More than 40 million Americans suffer from some sort of anxiety disorder. Not only that, but 1 in 13 people worldwide suffer from anxiety in some way. That makes anxiety the most common mental health issue in the world. 

While millions and millions of people deal with anxiety every day, many people know how to properly handle their condition. Many people let it take over their lives. They even might turn to drugs and alcohol to help cope with their anxiety. This can lead to addiction and anxiety, also known as a co-occurring disorder.

anxiety and addiction

If you or someone you know is suffering from both addiction and an anxiety disorder, it can help to understand more about anxiety, how it contributes to substance abuse, and what types of treatment are available at a center for understanding and treating anxiety.

What Is An Anxiety Disorder?

While many people suffer from anxiety, they are suffering from a specific type of anxiety disorder. The term anxiety is a broad term covering several different mental health disorders of varying degrees. Some common examples of a specific anxiety disorder include:

  • General anxiety disorder
  • Panic disorder
  • Social anxiety
  • Separation anxiety
  • Agoraphobia
  • Other specific phobias

There are many other mental health disorders that while are not technically considered an anxiety disorder are often associated with it and can even occur alongside an anxiety disorder. Some examples of these conditions include:

While many people might feel symptoms of some of these disorders from time to time such as fear, worry, or anxiety, it doesn’t necessarily mean that they suffer from a disorder. People who suffer from anxiety disorders experience these feelings throughout their regular daily lives for no discernible reason. In some cases, these feelings can be so strong and severe that they can be debilitating. 

What Are the Different Types of Anxiety Disorders

As we discussed briefly above, anxiety is a broad term to describe different types of disorders that are associated with anxiety. According to the Department of Health and Human Services, there are five major types of anxiety disorders. They are:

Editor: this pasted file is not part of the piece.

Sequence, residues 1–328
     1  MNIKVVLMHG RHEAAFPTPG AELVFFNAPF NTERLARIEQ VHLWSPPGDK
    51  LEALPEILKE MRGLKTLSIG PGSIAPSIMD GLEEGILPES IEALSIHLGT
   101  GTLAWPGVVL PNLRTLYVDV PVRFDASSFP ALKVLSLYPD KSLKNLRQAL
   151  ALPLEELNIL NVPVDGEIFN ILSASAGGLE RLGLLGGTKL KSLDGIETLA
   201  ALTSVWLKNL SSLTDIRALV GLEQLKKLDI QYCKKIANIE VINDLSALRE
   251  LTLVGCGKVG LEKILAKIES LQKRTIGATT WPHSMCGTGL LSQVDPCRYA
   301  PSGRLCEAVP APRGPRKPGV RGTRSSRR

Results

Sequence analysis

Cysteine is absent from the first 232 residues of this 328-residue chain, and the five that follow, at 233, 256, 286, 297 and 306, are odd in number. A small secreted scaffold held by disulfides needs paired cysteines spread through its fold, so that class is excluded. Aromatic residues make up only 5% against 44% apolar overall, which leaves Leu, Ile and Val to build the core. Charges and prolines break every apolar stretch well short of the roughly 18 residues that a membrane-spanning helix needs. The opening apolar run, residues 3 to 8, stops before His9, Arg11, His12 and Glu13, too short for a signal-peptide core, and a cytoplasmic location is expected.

• Generalized Anxiety Disorder
  • Obsessive-Compulsive Disorder (OCD)
  • Panic Disorder
  • Post-Traumatic Stress Disorder (PTSD)
  • Social Phobia

Generalized Anxiety Disorder

Generalized Anxiety Disorder (GAD) is characterized by chronic anxiety, excessive worrying, and tension, even when there is little or nothing to provoke it. This type of anxiety disorder is the most commonly diagnosed, affecting 6.8 million adults in the United States (3.1%). 

Obsessive-Compulsive Disorder (OCD)

Obsessive-Compulsive Disorder (OCD) is a type of anxiety disorder that is distinguished by repetitive behaviors, compulsions, and thoughts that are unwanted yet recurring. The unwanted thoughts are the obsessions while the repetitive behaviors are known as the compulsions. 

OCD is demonstrated by acts of excessive hand washing, cleaning, checking on things, counting, etc. They are usually performed in a ritual-like state with hopes that these intrusive thoughts will go away, but they don’t, which increases anxiety. Treatment is the answer for proper management of the condition.  

Panic Disorder

Panic disorders are a type of anxiety disorder identified by sudden repetitive episodes of intense fear and panic. These symptoms of fear and/pr panic, are accompanied by chest pain, shortness of breath, rapid heart rate, dizziness, or abdominal distress.

Post-Traumatic Stress Disorder (PTSD)

Post-Traumatic Stress Disorder (PTSD) is a type of anxiety disorder that commonly develops after an individual has experienced something traumatic, or been exposed to a terrifying or stressful event. These include sexual assault, violence, natural disasters, accidents, or military combat. They tend to either happen directly to someone or are witnessed and involve either violence or physical harm of some kind. 

War veterans and first responders, such as police, firefighters, EMTs, paramedics, and other military personnel are commonly diagnosed with PTSD. 

Social Anxiety Disorder

Social Anxiety Disorder also known as social phobia, is a type of anxiety disorder that is characterized by an overwhelming sense of anxiety and excessive self-consciousness when placed in everyday social situations. Social phobias can be limited to just one situation or it may be various, where a person experiences symptoms almost anytime they are around other people.

What Are the Symptoms of Anxiety?

Being able to tell the difference between general anxiety and suffering from an anxiety disorder can go a long way when it comes to getting the treatment that you need. Some of the common signs and symptoms of an anxiety disorder include: